Art and Beauty as a "Thin Place"

In a book entitled, The Spirituality of Art, Lois Huey-Heck notes that "the Cross is sometimes understood as indicating a meeting place of spirit (the vertical bar) and matter (the horizontal bar...) and so the Cross becomes an image of the divine becoming human and the human becoming divine." (p. 17) As I have noted in other essay, I see the Cross also being that symbol for the church - the connection of the holy and the human - where we nourish our intimacy with God as well as our responsibilities to sisters and brothers in community.

This symbol has no "bottom line" to it: in fact, symbols are multi layered and complex - nuanced and inviting - rather than ideological. And what strikes me is that in this age of capitalism on steroids, where so many have forgotten how to go deeper and even notice the subtleties of heart and soul, the symbolic nature of art and the lure of beauty have a role to play in our healing. Could it be that as the US tries to figure its way out of the sins of our hyper-individualistic and greedy age - to say nothing of a war that cannot be won in a traditional sense - artists have a unique calling?

As my 12 step friends keep telling me, "If you always do what you've always done, you'll always get what you've always got." And now it is not just the progressive religious world crying out that the "emperor has no clothes," but Wall Street and Main Street and every one in between sees it is true, too.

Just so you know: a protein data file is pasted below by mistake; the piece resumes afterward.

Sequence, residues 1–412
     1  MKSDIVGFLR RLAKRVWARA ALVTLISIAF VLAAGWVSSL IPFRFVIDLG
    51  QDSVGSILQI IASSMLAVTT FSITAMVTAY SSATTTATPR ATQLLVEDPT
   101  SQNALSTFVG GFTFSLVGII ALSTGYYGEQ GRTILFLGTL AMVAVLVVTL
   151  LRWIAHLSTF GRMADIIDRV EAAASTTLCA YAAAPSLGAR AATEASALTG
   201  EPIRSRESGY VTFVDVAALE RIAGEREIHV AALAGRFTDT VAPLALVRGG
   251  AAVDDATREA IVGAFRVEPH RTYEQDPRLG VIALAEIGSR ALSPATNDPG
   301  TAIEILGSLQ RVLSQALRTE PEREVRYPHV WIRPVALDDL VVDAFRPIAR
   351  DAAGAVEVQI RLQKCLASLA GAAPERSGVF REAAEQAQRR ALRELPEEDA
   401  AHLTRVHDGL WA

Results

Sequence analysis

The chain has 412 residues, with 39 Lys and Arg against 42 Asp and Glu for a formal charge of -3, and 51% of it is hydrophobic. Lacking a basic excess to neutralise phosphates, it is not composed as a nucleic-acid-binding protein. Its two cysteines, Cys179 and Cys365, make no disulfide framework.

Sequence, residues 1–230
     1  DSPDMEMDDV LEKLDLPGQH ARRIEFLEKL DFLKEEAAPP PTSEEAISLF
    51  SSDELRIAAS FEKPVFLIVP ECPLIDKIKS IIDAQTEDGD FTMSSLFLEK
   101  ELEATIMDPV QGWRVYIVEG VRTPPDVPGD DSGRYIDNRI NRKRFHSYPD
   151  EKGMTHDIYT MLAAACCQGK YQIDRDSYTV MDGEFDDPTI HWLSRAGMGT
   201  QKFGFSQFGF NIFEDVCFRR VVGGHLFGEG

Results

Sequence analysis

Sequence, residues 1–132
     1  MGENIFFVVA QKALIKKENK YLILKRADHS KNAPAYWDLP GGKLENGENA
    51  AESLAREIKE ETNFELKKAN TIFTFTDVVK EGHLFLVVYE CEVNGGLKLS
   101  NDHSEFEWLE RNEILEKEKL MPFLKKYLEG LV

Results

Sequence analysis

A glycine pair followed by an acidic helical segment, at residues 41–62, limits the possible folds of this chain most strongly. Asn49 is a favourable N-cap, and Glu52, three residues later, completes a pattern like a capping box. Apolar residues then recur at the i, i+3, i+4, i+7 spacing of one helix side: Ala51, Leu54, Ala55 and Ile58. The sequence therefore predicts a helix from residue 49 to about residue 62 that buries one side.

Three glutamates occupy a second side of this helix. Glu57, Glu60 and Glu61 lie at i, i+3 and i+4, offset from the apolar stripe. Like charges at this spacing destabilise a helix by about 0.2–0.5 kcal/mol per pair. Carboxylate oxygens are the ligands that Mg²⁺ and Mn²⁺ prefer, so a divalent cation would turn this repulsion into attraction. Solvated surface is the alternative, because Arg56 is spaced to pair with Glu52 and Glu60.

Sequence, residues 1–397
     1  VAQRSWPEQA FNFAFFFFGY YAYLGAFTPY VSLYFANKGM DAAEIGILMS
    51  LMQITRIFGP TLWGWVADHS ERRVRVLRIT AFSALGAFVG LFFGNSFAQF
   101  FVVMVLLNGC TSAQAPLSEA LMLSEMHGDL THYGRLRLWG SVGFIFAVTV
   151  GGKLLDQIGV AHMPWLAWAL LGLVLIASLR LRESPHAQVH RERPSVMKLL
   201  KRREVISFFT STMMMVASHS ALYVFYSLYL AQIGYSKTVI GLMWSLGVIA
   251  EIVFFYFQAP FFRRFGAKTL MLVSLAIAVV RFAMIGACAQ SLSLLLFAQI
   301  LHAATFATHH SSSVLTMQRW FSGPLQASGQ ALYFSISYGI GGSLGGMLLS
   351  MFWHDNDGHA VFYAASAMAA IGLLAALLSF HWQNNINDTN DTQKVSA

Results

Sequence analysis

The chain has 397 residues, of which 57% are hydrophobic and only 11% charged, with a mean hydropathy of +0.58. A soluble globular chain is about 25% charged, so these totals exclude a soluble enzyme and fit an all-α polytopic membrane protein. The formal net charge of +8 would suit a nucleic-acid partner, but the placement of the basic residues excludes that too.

It is demoralizing, however, to listen to the current crop of political experts offer solutions that are so stupid and short sighted - they are all bright and committed - but as the Wall Street crisis continues to be exploited by fear and partisan bickering it is soul numbing because it is clear they have no deep vision. They have eyes but cannot see, ears but cannot hear, hearts that cannot discern the magnitude of suffering they have caused. Bono put it like this: "It's extraordinary to me that the United States can find $700 billion to save Wall Street and the entire G8 can't find $25 billion dollars to saved 25,000 children who die every day from preventable diseases."

Our sisters and brothers in the wider church in the 2/3rds world have recently issued "the Micah challenge" writing: "We know your works of love; these works have allowed millions of human beings for many generations in our countries in the South to receive the gospel, the Grace of Jesus Christ and the power of His Salvation. The U.S. church's untiring missionary effort planted in our lands Hope in Him who came to reconcile EVERYTHING. Nevertheless, the political, social and economic situation in the places where this hope has been announced is increasingly distressing. Millions of people in the global South are dying of hunger, violence and injustice. These situations of poverty and pain are not simply the product of the internal functions of our countries; rather they are the results of the international policies of the governments that wield global power." (For more information: http://www.micahchallenge.us/letter_to_the_church.shtml)